View Full Version : Grouse
I happened upon a grouse the other day and decided to shoot it. I figured it would taste something like a ptarmigan since it looks so much like one (nice reasoning, huh?.) So with great anticipation I made a fire and cooked my grouse. It was nasty. Not just ¨not so good¨ - I mean it was gross!
I told my buddy about it, so we got another one a few days later to see if maybe the problem was in my cooking. This time we roasted it over the fire and even gave it a honey glaze. No dice - still disgusting. I had to eat it with peanut butter in order to hide the taste.
So what´s the problem here? Wrong kind of grouse? Special preparation needed? I´d like to hunt them because of the way they just sit there and beg me to put an arrow through them. But I don´t think I can handle much more of eating them.
This is not a woods recipe but if you don't like this, you should probably just donate your grouse to me. If someone does cook this in the field, please invite me on your next hunt! This is courtesy of the L.L. Bean Game & Fish Cookbook which I highly recommend. Frankly, after my wife cooked this, all grouse come home and I'd only eat one in the field under survival conditions -- not because it doesn't taste good in camp but because this recipe is so good -- to me anyway! I've used it for blue (dusky) grouse and have substituted plain old, boneless skinless chicken breast but would imagine it would be a good pheasant recipe as well.
In more recent years, I've eaten in some pretty swank restaraunts in the course of business travel but this is my favorite meal to date. It might have something to due to the fact that this was back when the only meat we could afford was game meat and mac & cheese was a staple of our diet -- pre-kids no less! Any way, it is delicious.
Broiled Grouse on Giblet Toast (serves six, but not in my house)
The Liver Paste
8 Tb. butter
1/4 lb. livers (3 whole chicken livers plus the giblets of the grouse)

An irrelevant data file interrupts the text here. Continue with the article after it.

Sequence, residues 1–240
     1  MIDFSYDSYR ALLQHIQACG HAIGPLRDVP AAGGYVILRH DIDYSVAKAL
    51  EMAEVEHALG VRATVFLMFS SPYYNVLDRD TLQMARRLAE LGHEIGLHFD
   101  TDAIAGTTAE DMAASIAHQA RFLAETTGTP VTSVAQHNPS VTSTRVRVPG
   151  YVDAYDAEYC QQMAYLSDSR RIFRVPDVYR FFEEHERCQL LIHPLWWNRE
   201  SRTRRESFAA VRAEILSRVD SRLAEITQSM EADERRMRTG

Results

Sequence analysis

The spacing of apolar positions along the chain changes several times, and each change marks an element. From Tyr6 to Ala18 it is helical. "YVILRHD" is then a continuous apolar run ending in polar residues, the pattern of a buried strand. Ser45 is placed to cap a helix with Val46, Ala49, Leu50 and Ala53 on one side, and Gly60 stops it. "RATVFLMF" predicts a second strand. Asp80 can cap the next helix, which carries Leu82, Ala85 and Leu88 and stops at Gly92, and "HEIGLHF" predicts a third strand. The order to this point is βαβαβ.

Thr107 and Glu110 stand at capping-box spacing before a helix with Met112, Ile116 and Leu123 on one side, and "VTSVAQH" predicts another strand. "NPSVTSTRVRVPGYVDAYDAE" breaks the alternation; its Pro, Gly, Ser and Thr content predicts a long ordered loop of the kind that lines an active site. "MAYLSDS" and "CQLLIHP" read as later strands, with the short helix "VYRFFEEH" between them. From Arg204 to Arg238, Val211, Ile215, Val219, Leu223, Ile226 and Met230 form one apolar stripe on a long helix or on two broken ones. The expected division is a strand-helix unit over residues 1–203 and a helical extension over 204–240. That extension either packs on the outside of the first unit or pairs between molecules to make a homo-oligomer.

3 shallots or 2 cloves of garlic, minced
1 cup white wine
1/4 tsp. chervil
1/4 tsp. savory
1 chicken bouillon cube
1 sprig parsley
1 bay leaf
1/4 tsp. tarragon
1/4 tsp. thyme
The Toast Canapes
6 bread slices
1/4 cup butter
1/4 cup bacon fat
6 Tb. soft butter
Melt half the butter in a saucepan and saute the grouce giblets, chicken livers, and shallots or garlic over low heat until the chicken livers are cooked through but still pink in the middle (4-5 minuts).
Add the wine, chervil, savory, boulillon cube, parsley and bay leaf, bring to a boil and simmer for 15 minutes.
Take out and set aside the livers and giblets.
Strain the stock and set aside (you will use this stock to baste the grouse). You should have about 3/4 cup.
Mince the grouse gizzards and hearts. Add the livers, tarragon, thyme and 1 tablespoon lemon juice and put all, or livers only (smash with fork), into a blender or food processor. Turning the machine in a quick on-off succession, tender into thick paste by mixing in remaining 4 tablespoons butter.
For the toast canapes, melt the butter and bacon fat and saute the bread slices until golden brown on both sides.
With poultry shears or knife split the grouse down the backbone and along one side of the breastbone, rub with salt and pepper, and spread the soft butter on skin side.
Place 6 grouse halves in shallow broiling pan, skin side up and broil about 3 inches from the heat for about 18 minutes on each side, basting often with the stock and the melted butter drippings from the pan.
Spread the toast with the liver paste, put a grouse half on each slice of toast, place on hot platter and keep warm.
Put broiling pan and its contents over high heat on top of stove. Add more stock (or water if you are out of stock) and boil furiously until it reduces to form a gravy.
Pour over grouse halves and serve.
10-20-2007, 06:57 AM
One time I got a grouse that apparently fed on the sage brush that was in the area. It was unbelievably bad tasting. I haven't eaten enough grouse to draw conclusions other than suspecting it was the sage. Ptarmigan in Alaska tasted quite good.
Ate one cooked over the fire grill with salt,pepper & garlic during the high buck hunt - fantastic! It was right next to the black bear tenderloin steaks (that my buddy had just shot) and instant mashed potatoes. Beat all the dehydrated meals we brought!
Cooked up two more grouse that my 10 yr old son shot during the main rifle deer hunt and both of them were cooked the same simple way and were delicious. These (ruffed) grouse were all taken in forested areas of pine trees and aspens.